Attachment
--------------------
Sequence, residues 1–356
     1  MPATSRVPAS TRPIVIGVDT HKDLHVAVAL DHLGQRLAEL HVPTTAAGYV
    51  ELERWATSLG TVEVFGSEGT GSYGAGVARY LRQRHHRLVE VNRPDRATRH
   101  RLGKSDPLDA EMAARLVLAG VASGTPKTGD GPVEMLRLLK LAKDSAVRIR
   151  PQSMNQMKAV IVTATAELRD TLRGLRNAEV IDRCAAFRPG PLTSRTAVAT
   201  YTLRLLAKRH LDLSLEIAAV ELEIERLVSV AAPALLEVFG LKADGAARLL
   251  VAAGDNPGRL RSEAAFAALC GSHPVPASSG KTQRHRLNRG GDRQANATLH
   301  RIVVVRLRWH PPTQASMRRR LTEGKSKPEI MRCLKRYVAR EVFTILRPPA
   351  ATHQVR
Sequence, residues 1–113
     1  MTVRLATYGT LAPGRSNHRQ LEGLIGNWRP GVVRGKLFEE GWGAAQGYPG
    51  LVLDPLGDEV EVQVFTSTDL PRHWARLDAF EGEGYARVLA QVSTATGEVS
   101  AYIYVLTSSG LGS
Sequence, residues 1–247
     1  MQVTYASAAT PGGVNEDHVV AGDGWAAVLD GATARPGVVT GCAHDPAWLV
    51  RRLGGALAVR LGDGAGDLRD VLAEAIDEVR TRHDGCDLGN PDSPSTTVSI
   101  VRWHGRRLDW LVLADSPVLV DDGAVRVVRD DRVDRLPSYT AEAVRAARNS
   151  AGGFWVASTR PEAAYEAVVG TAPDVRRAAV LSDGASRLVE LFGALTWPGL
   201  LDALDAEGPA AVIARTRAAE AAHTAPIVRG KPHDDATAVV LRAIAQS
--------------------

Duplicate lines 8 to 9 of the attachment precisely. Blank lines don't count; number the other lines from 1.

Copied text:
   301  RIVVVRLRWH PPTQASMRRR LTEGKSKPEI MRCLKRYVAR EVFTILRPPA
   351  ATHQVR